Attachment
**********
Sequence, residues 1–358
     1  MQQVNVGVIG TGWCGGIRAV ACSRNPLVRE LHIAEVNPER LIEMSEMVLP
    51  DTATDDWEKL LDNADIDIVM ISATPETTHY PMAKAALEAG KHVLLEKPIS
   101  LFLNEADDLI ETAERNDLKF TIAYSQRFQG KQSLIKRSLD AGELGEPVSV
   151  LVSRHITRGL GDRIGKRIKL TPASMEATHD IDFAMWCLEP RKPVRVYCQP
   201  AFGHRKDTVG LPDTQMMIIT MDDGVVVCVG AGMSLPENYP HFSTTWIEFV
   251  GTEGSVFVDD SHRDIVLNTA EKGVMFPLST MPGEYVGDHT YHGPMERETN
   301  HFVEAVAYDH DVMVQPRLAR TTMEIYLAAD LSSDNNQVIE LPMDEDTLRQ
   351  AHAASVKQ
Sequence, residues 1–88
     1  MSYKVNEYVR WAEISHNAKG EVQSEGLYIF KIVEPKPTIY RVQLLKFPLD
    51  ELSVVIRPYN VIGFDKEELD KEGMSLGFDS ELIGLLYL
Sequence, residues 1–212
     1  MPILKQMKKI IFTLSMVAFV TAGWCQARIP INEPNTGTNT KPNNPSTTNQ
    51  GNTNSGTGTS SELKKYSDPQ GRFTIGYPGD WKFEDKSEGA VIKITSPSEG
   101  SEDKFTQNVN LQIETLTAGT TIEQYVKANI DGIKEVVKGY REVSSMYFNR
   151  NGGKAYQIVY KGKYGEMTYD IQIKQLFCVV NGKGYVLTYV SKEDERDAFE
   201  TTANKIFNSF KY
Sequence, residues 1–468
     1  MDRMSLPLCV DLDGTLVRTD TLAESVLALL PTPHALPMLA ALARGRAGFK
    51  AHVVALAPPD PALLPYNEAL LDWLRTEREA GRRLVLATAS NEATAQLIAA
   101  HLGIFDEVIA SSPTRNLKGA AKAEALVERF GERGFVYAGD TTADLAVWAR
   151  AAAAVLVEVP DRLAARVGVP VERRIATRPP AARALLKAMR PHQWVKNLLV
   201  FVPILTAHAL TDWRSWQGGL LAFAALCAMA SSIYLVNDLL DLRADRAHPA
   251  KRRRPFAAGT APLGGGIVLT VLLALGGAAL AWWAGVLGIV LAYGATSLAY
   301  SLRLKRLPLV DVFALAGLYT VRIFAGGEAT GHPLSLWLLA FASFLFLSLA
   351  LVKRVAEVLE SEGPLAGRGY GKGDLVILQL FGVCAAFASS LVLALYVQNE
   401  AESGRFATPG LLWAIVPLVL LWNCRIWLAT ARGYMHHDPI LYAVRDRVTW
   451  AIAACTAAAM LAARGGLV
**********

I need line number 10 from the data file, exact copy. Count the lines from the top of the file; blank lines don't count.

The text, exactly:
Sequence, residues 1–88